If Undeath‘s Alexander Jones is representing the new voice of death metal, and Undeath is carrying the torch for “what death metal has become,” I’m perfectly fine with it. It’s Time… To Rise from the Grave is a fantastic death metal record that injects a hefty dose of vigor into an already genre. The record both manages to sound extremely fresh and give us some warm nostalgia at the same time.
“Rise from the Grave” is the first single the band released many weeks ago and as I soon as I heard it I knew I wanted more. I mean… listen to those dual leads! Incredible. This quintet from upstate New York have a sound that brings me back to the early days of death metal. And I don’t say this lightly because I was there – in that scene – when it all happened decades ago. There aren’t many newer bands, short of Exhumed, who give me those same chills and feelings, transporting me to the days of my waning youth while just starting out in college radio.This was before the internet even became a real thing and we almost never heard death metal over the airwaves. The genre was most definitely underground, with music disseminated via tape trading, and Undeath It seems to have studied the scene from years past extremely well. They just get it.
But it’s much more than the nostalgic feelings I get from the record. Undeath isnt recycled. Undeath isn’t a clone and they’re not generic. Yes, they have a classic death metal sound that will be quite familiar to many, however, there is something special here. Perhaps it’s the vocals, which are absolutely spot on. Alexander Jones has clearly been taking careful notes and he really makes the effort in terms of pitch and delivery. When you match his vocals with the absolutely absurd drum signatures present in the music, you have the foundation very well established. However, I think what really makes this record different and refreshing is the ultra-tight songwriting and the depth of the hooks in the guitars. The music is edited appropriately and the band doesn’t over do it by being too “brutal” or too over-the-top. The songs are short and meaningful, averaging three and half minutes, and that’s a key part of the formula here – there’s no excess in a genre that absolutely reeks from excess over the past two decades. Check out “Necrobionics,” as an example of this. (And how can you not love their fondness for 90’s first person shooter games meshed with a song about body horror?)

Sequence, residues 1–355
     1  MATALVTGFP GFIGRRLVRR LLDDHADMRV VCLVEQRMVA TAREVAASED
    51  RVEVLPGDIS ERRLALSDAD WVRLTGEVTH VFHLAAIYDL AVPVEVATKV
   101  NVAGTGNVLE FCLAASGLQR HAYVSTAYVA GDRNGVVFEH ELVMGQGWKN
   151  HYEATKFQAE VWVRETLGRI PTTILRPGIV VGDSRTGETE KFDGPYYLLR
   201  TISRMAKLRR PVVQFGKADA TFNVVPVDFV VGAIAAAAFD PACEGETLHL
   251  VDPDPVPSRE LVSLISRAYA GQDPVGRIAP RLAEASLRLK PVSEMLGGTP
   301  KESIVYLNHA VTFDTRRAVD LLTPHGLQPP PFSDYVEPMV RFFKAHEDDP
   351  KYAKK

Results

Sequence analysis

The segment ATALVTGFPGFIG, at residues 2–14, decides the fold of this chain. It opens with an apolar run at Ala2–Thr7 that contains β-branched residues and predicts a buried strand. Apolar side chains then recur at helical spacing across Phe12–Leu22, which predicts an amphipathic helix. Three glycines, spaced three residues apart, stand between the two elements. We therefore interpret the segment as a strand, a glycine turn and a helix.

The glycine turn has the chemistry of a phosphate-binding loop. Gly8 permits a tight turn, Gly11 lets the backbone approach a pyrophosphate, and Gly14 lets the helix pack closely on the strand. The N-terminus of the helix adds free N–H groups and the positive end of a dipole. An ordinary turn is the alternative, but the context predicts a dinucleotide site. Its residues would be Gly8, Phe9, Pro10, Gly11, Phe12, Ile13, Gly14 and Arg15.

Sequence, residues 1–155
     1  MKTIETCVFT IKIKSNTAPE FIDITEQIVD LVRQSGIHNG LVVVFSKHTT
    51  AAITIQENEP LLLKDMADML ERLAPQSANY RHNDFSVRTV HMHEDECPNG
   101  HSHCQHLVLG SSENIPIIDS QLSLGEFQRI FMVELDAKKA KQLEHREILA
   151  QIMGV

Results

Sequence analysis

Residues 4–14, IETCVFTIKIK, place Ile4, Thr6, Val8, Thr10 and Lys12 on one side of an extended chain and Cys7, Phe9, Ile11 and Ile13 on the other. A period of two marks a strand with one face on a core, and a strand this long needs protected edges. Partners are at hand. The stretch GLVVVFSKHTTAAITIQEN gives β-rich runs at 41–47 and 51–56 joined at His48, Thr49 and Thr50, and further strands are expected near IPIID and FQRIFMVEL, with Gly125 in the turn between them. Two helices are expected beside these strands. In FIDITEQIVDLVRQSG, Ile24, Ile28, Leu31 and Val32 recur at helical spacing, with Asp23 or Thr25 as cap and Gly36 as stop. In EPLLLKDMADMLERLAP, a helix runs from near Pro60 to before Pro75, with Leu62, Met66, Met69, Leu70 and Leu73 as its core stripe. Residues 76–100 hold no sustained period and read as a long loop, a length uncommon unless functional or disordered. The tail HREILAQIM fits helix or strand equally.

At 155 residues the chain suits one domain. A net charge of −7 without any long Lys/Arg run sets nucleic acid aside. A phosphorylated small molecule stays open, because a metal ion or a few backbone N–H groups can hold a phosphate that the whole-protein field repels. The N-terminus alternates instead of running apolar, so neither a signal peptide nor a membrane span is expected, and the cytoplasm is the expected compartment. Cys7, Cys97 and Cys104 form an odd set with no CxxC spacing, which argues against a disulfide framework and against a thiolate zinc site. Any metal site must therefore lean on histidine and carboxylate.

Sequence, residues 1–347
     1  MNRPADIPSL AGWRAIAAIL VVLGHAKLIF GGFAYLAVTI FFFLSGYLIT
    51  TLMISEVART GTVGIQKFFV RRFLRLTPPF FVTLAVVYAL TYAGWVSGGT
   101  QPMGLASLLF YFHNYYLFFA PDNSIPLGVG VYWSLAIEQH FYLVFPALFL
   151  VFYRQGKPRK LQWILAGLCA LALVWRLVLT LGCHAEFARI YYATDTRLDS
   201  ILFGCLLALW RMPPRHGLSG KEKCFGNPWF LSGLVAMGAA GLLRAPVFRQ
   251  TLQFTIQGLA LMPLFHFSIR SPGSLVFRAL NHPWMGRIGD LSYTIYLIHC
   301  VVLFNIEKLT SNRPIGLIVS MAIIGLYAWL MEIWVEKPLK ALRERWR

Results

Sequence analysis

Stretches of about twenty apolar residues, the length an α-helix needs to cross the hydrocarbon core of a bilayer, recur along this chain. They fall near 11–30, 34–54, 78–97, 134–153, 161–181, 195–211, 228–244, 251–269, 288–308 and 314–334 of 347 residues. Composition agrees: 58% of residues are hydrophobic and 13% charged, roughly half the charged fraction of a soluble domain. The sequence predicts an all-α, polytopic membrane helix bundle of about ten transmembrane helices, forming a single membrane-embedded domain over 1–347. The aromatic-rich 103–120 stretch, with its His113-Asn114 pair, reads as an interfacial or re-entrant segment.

“Head Splattered in Seven Ways” has a title that’s reminiscent of something you might find as a dish on the Food Network’s Chopped. The age-restricted video also plays up on that theme as a sorry individual is literally dismembered through four minutes of good ‘ole fashioned butchering with extra splatter. It’s got a solid Cannibal Corpse vibe to it and really this entire record seems to be worshiping at the Cannibal Corpse altar. In fact, I might suggest that Undeath gives us more of an authentic Cannibal Corpse type sound than so many of the Cannibal Corpse-like clones out there. And did I mention that bass? Relative newcomer to the band Tommy Wall crushes it. I’m glad he got space in the mix.
Tracks like “Defiled Again” have this depth in tone and delivery that you can’t help but delve deep into. This particular song has a piercingly evil sounding guitar solo to boot. Undeathof course, also gets points for creativity in the song title department with such instant classics like “Human Chandelier” (very Hannibal Lecter), “Trampled Headstones,” and “Defiled Again.” I also keep hearing that old school Carcass tone in some of these tracks as well, which is something that’s going to appeal to many. They have the lyrics, the visuals and the sound altogether.
It’s Time… To Rise from the Grave is one of the best death metal records I’ve heard so far in 2022. It has hit me “right in the feel” and I really appreciate the songcraft and the homework these guys did before putting it all together. This record is ferocious. It is rough. It is savage. And importantly, it leaves me wanting more after I listen to it. But it is also quite fun and that’s really why I love this band and this record so much.